Research seminars--conversations with one or more presenters that usually focus on a precirculated paper--take place between late September and early May. Programs are offered in five different series: the Boston Area Early American History Seminar, the Boston Environmental History Seminar, the Boston Immigration and Urban History Seminar, the Boston Seminar on the History of Women and Gender, and the New England Biography Seminar. Learn more about each series and subscribe to receive advance copies of the papers that will be discussed.

 

RSVP required. Please email seminars@masshist.org or phone 617-646-0568.

February

History of Women and Gender Seminar Conversation: Sexuality of History, History of Sexuality 23 February 2017.Thursday, 5:30PM - 7:30PM RSVP required Location: Radcliffe, Fay House, Sheerr Room, 10 Garden St. in Cambridge Sue Lanser, Brandeis University, and Jim Downs, Connecticut College Moderator: Jen Manion, Amherst College Please join us for a conversation with the authors of two important new books in the history of ...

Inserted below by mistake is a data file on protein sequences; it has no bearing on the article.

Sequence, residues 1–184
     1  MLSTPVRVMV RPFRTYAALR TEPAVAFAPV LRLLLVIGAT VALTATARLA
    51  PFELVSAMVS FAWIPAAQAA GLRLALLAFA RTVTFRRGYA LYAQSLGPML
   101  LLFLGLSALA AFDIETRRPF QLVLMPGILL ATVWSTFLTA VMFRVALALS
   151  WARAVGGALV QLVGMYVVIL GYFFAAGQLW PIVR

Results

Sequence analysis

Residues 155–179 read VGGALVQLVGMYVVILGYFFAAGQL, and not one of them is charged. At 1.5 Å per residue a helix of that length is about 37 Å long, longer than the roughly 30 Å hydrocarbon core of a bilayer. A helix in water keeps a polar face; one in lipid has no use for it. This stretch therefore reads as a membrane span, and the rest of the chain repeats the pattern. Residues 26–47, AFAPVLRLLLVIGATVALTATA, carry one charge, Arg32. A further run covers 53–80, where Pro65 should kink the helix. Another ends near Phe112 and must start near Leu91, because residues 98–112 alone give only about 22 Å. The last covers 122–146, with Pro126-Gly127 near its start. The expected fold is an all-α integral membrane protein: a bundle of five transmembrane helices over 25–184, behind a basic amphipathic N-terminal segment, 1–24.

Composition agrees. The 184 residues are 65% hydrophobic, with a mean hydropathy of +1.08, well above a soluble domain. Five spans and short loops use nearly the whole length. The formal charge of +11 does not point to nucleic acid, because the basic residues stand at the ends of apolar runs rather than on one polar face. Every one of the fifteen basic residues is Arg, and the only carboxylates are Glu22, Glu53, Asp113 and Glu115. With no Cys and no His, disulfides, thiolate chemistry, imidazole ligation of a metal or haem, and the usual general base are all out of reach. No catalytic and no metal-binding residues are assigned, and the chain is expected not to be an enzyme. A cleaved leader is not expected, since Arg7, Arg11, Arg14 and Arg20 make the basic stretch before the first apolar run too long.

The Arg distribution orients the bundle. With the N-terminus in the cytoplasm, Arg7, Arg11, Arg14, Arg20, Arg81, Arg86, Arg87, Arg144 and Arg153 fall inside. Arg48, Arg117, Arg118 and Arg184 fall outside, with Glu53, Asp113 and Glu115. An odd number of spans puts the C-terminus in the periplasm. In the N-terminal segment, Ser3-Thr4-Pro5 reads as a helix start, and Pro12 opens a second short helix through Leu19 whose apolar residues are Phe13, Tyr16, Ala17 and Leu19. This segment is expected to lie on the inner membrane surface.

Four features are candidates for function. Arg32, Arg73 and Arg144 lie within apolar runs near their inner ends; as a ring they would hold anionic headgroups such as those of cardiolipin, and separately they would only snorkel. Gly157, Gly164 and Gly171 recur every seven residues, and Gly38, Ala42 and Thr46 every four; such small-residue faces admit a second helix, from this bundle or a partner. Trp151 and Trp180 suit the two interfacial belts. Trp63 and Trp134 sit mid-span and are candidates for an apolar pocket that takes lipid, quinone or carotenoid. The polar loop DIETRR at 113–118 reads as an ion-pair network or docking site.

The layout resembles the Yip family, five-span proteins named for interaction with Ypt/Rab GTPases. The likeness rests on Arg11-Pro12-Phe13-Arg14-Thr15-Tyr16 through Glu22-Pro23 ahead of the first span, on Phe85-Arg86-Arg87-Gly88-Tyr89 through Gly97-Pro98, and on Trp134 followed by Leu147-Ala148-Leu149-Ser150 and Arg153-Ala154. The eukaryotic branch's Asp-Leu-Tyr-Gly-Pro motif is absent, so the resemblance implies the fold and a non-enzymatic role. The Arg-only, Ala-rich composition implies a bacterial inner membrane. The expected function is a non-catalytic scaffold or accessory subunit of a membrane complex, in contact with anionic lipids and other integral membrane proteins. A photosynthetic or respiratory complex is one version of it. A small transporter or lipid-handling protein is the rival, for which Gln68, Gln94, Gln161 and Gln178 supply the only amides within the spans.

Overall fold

Please join us for a conversation with the authors of two important new books in the history of sexuality.  This wide-ranging discussion will explore the relationship between lesbian and gay male histories, literary and historical methods, representation and political mobilization of people and communities. We will explore the following questions: How do such vastly different works advance the ongoing project of queer historicism and/or LGBTQ history and to what end? What scholarly fields and trends have enabled and inspired this new work? Who is the audience for LGBTQ history and queer scholarship, the LGBTQ community or the academy? How do we make theoretical insights legible and relevant to the community? How do we articulate the urgency to make the history of sexuality and LGBTQ communities central part of curricula, graduate training, and our professional organizations?" - Please note that there are no precirculated essays for this session.